Free Fire

Free Fire Bann 1

Continuing his recent string of genre defying hits, director Ben Wheatley takes a scenario usually reserved for the finale – the tense firefight – and stretches it out into ninety minutes of famous actors crawling around on a dusty warehouse floor, yelling insults and firing off potshots at each other. The biggest surprise that emerges from this simple premise is just how well FREE FIRE works, simultaneously subverting and criticising the unrealistic conventions of the Hollywood shootout as it weaves a tale of exactly how wrong something can go when the right people are involved. 

The film opens on Stevo (Sam Riley) and Bernie (Enzo Cilenti), a pair of Bostonian thugs who have been hired by Irishmen Chris (Cillian Murphy) and Frank (Michael Smiley) to provide a bit of muscle for a weapons purchase. The ultra laid back Ord (Armie Hammer) and self confessed in-it-for-herself Justine (Brie Larson) are brokering the deal, and lead the rag-tag group to an abandoned warehouse for the meet. Waiting in the shadows is international arms dealer Vernon (Sharlto Copley), his associate Martin (Babou Ceesay) and a little hired muscle of their own, Harry (Jack Reynor) and Gordon (Noah Taylor).

In the relatively short space of time that encapsulates the calm before the storm, each character is given enough focus to firmly establish their individual personalities, and the clashes that emerge when they don’t mix. One such clashing is the spark that lights this bonfire, as two members recognise each other from an altercation the night before, leading to a tense standoff before guns are inevitably reached for. As the bullets start to fly, it’s instantly clear – thanks to those strong introductions – who each shooter will be aiming for, and who they will seek to protect from harm. These alliances are far from ironclad, however, and many of them shift and change as the film progresses. Be it due to a stray bullet hitting someone who was supposed to be an ally, or simply an irritating personality becoming too much; there’s no honour among these thieves, and they’re not above turning on each other for a better chance at the loot.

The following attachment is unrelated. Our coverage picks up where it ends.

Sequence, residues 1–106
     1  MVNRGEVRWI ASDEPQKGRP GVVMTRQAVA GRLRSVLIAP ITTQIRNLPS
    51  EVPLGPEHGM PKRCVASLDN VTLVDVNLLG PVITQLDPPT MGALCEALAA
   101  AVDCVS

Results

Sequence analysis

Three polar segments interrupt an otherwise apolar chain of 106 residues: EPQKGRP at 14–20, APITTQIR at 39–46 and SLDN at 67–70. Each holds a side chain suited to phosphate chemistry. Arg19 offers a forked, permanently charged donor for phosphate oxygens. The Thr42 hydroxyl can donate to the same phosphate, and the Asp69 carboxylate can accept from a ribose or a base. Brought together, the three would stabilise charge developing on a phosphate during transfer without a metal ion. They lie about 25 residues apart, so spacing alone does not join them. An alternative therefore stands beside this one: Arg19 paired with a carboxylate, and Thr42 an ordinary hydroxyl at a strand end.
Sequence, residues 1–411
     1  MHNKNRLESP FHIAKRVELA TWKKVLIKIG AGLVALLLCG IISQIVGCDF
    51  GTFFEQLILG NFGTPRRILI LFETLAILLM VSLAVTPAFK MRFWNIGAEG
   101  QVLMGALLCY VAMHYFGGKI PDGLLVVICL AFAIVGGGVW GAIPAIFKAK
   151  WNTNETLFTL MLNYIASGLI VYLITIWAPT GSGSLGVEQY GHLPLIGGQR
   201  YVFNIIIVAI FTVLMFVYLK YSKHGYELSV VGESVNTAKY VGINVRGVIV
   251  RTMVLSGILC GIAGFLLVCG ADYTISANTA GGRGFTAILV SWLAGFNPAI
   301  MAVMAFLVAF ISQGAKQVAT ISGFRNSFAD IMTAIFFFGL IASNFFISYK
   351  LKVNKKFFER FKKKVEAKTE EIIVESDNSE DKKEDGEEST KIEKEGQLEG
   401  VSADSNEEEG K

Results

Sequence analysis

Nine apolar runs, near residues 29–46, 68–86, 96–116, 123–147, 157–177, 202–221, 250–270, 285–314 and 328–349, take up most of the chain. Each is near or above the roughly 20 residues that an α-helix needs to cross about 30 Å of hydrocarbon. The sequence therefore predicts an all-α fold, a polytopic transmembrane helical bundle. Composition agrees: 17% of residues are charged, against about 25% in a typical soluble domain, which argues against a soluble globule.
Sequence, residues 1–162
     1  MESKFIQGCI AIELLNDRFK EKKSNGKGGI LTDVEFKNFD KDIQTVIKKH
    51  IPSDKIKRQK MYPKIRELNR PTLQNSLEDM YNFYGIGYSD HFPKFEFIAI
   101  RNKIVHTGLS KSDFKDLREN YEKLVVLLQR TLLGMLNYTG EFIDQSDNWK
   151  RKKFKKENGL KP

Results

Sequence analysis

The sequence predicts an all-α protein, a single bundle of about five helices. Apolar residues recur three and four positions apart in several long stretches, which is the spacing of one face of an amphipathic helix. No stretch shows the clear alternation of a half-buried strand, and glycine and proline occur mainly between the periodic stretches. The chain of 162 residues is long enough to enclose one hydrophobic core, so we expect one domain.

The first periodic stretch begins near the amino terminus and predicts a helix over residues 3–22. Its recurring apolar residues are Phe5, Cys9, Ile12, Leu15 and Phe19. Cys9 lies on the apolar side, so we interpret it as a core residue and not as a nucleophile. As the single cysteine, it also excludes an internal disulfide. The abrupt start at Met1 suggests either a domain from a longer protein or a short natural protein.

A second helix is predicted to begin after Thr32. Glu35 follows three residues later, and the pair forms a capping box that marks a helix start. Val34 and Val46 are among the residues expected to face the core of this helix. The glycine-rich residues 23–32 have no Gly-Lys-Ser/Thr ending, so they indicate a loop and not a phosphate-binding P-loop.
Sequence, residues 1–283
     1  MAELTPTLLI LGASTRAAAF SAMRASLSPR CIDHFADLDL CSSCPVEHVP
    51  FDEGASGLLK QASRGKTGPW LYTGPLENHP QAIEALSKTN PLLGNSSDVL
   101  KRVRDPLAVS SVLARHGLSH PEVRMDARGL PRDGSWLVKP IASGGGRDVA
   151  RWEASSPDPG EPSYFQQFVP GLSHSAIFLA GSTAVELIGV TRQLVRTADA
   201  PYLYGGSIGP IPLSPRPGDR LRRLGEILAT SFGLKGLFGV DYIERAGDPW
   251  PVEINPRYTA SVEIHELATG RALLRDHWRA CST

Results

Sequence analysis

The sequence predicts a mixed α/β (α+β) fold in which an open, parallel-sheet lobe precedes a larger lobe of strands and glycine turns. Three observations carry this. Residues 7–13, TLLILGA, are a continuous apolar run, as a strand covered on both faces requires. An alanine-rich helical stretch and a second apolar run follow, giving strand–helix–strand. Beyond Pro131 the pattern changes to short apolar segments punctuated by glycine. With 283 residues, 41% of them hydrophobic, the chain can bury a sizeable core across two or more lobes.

The razor sharp banter makes it extremely difficult to figure out who to root for at any given time.

While the tenuous unions form the basis for a lot of the character motivations and a fair bit of the plot, it is the rivalries that bring the most laughs, with plenty of insults flying in between the bullets.  This razor sharp banter makes it extremely difficult to figure out who to root for at any given time, especially since nobody seems to be taking the whole situation very seriously. One minute a guy is shouting out that he’s forgotten whose side he’s on, the next someone is taking a quick headcount of who’s still alive – there’s a distinct element of cartoonish slapstick that helps keep the extended gun battle from feeling too monotonous. Unlike a standard shootout, there are no discernible good guys or bad guys to be found here; each of them is as amoral as the next. Luckily, the film ditches the large groups fairly quickly, as everyone spreads out, allowing a focus on smaller skirmishes between two or three shooters at a time. This turns the fights into a March Madness style elimination game, where choosing which side to root for becomes more of a case by case affair, based on the merits of the individual characters.